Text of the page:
BT, Vodafone Threatened With Legal Action Over ‘GCHQ Collusion’
Verizon Business, Level 3, Viatel and Interoute also asked to open up on alleged GCHQ collaboration
BT and Vodafone are amongst a handful of telecoms firms being threatened with legal action by Privacy International over alleged cooperation with British intelligence on mass surveillance.
Privacy International, which has already filed a complaint about the actions of the UK intelligence services, claimed the companies “colluded” with GCHQ and failed to protect customers’ right to privacy.
It has now written to the two British telecoms giants, as well as Verizon Business, Level 3, Viatel and Interoute, telling them they will be added to its complaint, lodged with the Investigatory Powers Tribunal (IPT), if they do not reveal how far they helped the UK government.
GCHQ surveillance ‘collusion’
Privacy International was compelled to take the legal route after Germany’s Suddeutsche Zeitung newspaper revealed names of firms who had allegedly handed data to GCHQ.
UK MPs have already decided GCHQ’s access to PRISM, the US National Security Agency’s data collection programme involving cooperation with communications providers, is legal. But little has been said of Tempora, GCHQ’s alleged wiretapping of undersea cables taking data in and out of the UK.
Privacy International believes those companies are involved in Tempora. It has now demanded transparency from the firms about their respective roles in helping GCHQ carry out surveillance. The not-for-profit wants to know if they have been paid to take part in the snooping too.
“Tempora would not have been possible without the complicity of these undersea cable providers,” said Eric King, head of research at Privacy International.
“Despite the companies’ obligation to respect human rights standards, particularly when governments seek to violate them, spy agencies are being allowed to conduct mass surveillance on their systems.
“What we, and the public, deserve to know is this: To what extent are companies cooperating with disproportionate intelligence gathering, and are they doing anything to protect our right to privacy?”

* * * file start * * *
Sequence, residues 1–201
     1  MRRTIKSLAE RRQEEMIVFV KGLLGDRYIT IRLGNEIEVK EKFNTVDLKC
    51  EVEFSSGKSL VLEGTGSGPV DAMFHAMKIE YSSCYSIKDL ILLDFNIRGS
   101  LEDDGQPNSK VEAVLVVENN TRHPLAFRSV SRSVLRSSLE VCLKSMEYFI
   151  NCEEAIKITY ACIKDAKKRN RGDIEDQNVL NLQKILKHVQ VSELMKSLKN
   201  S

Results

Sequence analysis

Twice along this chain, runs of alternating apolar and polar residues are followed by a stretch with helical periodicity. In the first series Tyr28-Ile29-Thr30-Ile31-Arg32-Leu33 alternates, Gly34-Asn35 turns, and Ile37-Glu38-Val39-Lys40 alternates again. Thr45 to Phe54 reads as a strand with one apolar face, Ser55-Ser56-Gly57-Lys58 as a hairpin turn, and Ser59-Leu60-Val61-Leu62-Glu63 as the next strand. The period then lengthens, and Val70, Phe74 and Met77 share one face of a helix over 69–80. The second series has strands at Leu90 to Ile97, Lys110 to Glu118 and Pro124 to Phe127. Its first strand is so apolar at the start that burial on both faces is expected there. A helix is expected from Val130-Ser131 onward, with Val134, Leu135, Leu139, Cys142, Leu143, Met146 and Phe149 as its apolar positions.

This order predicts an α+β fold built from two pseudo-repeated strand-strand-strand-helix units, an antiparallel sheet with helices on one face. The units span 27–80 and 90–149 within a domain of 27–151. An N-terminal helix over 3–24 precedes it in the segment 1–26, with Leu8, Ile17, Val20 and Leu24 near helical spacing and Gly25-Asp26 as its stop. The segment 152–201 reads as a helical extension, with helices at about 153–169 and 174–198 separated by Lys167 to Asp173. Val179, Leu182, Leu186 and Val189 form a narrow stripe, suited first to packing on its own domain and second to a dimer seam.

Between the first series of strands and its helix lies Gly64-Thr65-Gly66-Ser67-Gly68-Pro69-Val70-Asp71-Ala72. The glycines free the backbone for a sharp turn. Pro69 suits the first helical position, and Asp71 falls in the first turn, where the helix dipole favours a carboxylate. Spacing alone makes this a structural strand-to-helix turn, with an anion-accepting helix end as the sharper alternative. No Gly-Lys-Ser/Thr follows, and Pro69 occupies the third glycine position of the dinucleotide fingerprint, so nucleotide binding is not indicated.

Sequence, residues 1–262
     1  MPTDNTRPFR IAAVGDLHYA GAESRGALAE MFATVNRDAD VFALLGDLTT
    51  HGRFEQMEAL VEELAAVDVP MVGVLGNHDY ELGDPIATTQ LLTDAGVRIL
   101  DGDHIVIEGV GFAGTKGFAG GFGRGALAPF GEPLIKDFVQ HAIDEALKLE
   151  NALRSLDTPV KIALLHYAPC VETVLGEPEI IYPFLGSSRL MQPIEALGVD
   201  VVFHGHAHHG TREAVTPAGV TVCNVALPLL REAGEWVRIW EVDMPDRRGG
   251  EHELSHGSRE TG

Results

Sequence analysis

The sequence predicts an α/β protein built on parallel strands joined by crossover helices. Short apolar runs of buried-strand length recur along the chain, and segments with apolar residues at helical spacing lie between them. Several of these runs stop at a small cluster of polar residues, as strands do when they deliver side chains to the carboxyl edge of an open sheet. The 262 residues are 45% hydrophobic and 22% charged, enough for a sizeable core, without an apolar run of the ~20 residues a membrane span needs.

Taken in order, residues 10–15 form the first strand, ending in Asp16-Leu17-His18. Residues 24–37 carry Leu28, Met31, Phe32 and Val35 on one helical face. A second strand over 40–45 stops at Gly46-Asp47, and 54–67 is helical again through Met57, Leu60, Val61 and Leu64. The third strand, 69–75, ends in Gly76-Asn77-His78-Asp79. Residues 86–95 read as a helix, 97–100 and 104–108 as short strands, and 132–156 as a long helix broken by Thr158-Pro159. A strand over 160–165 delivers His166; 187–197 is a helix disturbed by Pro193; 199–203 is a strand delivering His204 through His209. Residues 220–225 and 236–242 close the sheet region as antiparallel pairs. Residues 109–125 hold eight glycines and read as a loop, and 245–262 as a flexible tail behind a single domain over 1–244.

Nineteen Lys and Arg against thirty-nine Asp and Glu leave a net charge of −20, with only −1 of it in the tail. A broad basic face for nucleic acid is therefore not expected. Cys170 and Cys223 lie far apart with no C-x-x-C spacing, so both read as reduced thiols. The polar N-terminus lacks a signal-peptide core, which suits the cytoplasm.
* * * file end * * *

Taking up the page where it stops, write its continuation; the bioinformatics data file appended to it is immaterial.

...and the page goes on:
The organisation has cited Article 8 of the European Convention on Human Rights, granting citizens’ right to privacy, in its case against the government.
Privacy International may not get far with its legal action, however. The IPT holds its cases in secret and there is no need for the court to justify its decisions.
A BT spokesperson said: “Questions relating to national security are for governments, not telecommunications providers. Having said that, we can reassure customers that we comply with the law wherever we operate and do not disclose customer data in any jurisdiction unless legally required to do so.”
Vodafone added: “We comply with the law in all of our countries of operation, including – in the case of our European businesses – the EU Privacy Directive and EU Data Retention Directive. Our business in the UK complies with UK legislation which is derived from the same EU Directives and which incorporates the European Convention on Human Rights.
“In all countries all operators must comply with the legal obligations that are specified in their licence conditions by national governments. Whilst Vodafone must comply with those obligations (as must all operators), we do not disclose any customer data in any jurisdiction unless legally required to do so.”
Interoute said it had no comment, whilst the other firms named by Privacy International had not responded to a request for comment at the time of publication.
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